|COLORS & MARKINGS|
The Vor'cha proves that it is not easy being green. I used Tamiya Sky as the base color for everything except the clear parts. Various sections all over the main hull, bridge, bow and engine sub assemblies were masked off and painted NATO Green on the top and bottom to provide some contrast to the lighter Sky color. This took several sessions to do and quite tedious. Even then I had to use toothpicks dipped in rubbing alcohol to scrape away the excess paint.
I then masked off the red portion of the feathers over several sessions, several hours and several rolls of colored rice paper tape then the areas were painted Tamiya Red. When the paint was dry, I repeated the work and tape to mask off more areas. This continued till I was finished the red feathers. The bow sections required additional masking for the raised detail painted Sky.
I continued the masking/painting process with other areas like the grey shoulders (?) and the yellow hull markings. The white areas were painted using thinned Tamiya Flat white paint with a fine brush and/or toothpicks. I had to repeat this when the paint was dry as the first coat didn't always cover well the first time.
The base of the stand was painted using several masking sessions as it involved five different colors (red, blue and green on a yellow background with black trim.) I ended up using a total of three rolls of rice tape for masking purposes on this entire model. In the past, I would have avoided this amount of effort due to laziness but felt this level of effort was required to do this model justice.
The model was gloss coated using a couple of light coats of Future. When it was dry, I added the few decals to the model. I ended up using a couple of drops of Solvaset on all of them to get them to snuggle down into the details.
Next the model was lightly weathered using a mix of black and burnt sienna watercolor to provide some contrast and shadowing effect on the surface details. I used red watercolor paint for areas along the leading edge of the “wings.”
Once the weathering mix was dry and excess was removed, I sprayed on the final flat coat to seal everything in.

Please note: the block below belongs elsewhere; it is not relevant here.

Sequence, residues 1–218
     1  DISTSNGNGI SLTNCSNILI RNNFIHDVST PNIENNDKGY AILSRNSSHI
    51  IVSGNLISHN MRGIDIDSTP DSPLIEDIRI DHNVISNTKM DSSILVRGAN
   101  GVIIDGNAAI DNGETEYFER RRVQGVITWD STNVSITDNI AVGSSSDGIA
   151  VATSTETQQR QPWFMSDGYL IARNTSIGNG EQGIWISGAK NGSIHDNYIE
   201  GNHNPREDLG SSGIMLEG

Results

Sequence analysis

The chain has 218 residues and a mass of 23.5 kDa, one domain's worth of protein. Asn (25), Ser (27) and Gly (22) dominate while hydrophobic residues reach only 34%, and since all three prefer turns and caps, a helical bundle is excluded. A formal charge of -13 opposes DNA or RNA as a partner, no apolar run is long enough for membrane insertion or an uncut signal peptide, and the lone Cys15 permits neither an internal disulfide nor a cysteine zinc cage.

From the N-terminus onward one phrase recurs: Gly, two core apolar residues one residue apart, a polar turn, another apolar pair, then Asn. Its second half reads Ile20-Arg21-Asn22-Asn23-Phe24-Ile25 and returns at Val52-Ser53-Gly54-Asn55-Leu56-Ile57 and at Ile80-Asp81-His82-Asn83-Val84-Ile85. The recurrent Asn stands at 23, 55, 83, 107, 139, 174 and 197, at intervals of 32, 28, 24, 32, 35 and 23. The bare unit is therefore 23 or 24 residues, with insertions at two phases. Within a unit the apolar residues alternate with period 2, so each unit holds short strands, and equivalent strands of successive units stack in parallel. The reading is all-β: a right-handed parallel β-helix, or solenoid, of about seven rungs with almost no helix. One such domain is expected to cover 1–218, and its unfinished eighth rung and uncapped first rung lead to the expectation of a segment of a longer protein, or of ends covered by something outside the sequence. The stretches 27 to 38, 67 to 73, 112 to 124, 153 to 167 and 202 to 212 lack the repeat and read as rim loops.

Once the final paint coat was dry and before the gloss coat was done, the main hull subassemblies were glued together using Tamiya Extra Thin glue except the engine pods.
The engines required more work than the main hull and other subassemblies. I ended up having the fill/sand the engine pods several times as the seams didn't want to disappear. The bow areas of the engine pods were the worst part of the kit as they don't line up and the mating areas were different sizes! I cut off the bow areas on both engine pods and corrected them using plastic card to fix the size differences/alignment issues and replace the attachment points. For both, the clear red parts were glued onto the rebuilt plastic parts with Tamiya Clear glue then attached to the rest of the engine pod with CA glue.
When the glue dried, the clear red areas were masked off and painted as per the COLORS AND MARKINGS section. The engines were then added on to the main hull with fast setting CA glue and the model placed on its stand. The various clear red plastic parts that were not installed in the previous build steps were added with a dab of white glue.
I have found in my experience that no Star Trek model ship is really easy to paint and requires some forethought to build because of the shapes and paint schemes. The Vor'cha battlecruiser was a lot easier to assemble than paint. If you hate masking then you should probably avoid this kit at all costs. If building Klingon warships is your thing and don't mind masking then this kit is a decent late effort from last days of AMT as redone by Polar Lights.
I had fun with this build and am happy with the final result.
9 October 2018